Religious Pluralism in the Middle Colonies | National Humanities Center

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Religious Pluralism in the Middle Colonies

By Bonomi, Patricia U.

If the American experiment in pluralism at times suggests the metaphor of a pressure cooker rather than a melting pot, this should come as no suprise to observers of the Middle Colonies. The Middle Colonies of British North America—comprised of New York, New Jersey, Pennsylvania, and Delaware—became a stage for the western world’s most complex experience with religious pluralism. The mid-Atlantic region, unlike either New England or the South, drew many of its initial settlers from European states that had been deeply disrupted by the Protestant Reformation and the religious wars that followed in its wake. Historians conventionally note that early New England’s religious character was shaped primarily by English Puritans, and the religious character of the South by English Anglicans. But no two-word phrase can capture the essence of those who set the mold for Middle Colony religious culture.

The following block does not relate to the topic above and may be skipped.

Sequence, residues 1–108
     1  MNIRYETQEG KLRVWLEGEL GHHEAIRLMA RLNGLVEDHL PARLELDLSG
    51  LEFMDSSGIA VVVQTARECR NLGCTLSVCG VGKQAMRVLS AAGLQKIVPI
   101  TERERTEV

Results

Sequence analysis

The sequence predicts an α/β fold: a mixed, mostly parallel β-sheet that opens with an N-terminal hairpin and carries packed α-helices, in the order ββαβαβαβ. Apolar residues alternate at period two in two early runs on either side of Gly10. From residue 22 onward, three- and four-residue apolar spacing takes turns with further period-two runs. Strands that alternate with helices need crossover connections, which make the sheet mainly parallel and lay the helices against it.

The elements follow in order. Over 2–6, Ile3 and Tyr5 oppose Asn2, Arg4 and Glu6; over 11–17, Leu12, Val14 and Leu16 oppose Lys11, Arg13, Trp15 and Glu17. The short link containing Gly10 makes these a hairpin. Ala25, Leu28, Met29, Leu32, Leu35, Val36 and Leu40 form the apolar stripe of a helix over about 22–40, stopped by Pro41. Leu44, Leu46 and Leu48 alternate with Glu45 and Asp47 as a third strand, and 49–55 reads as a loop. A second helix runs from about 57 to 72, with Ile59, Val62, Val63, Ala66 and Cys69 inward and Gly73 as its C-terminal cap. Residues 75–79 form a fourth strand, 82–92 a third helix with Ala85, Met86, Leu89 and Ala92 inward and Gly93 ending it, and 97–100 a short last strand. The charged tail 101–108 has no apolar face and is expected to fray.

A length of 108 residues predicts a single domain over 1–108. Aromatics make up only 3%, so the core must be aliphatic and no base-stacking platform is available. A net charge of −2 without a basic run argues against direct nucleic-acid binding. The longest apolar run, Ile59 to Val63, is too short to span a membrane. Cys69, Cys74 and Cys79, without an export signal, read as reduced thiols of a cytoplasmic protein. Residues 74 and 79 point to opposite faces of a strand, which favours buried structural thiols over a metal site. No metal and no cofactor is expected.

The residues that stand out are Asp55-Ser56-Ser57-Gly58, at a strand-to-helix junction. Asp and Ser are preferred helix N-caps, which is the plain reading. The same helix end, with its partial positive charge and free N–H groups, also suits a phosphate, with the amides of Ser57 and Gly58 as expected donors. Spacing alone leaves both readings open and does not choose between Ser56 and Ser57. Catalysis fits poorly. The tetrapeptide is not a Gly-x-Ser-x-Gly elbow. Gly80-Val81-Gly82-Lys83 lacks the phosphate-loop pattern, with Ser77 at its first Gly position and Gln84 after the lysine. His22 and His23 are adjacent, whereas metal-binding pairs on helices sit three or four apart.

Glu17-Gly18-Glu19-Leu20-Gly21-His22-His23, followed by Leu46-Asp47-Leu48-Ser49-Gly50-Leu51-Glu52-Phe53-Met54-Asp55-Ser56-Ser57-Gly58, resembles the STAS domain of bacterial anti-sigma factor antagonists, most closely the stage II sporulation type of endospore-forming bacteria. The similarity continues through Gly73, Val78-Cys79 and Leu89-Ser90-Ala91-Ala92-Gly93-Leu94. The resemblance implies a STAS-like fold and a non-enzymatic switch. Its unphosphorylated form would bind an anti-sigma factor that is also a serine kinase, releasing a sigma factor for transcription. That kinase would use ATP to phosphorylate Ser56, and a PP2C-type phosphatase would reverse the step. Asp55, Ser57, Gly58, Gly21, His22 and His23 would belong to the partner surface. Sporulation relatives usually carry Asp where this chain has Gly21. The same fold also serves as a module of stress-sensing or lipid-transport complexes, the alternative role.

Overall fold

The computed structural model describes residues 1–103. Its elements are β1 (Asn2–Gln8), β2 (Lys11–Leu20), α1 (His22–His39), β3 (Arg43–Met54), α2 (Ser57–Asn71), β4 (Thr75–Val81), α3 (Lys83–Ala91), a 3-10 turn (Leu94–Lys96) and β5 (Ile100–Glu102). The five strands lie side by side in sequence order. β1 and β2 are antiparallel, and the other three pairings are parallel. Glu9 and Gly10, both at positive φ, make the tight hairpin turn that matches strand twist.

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History / Education Studies / American History / Christianity / Thirteen Colonies / Religious Pluralism / Puritans /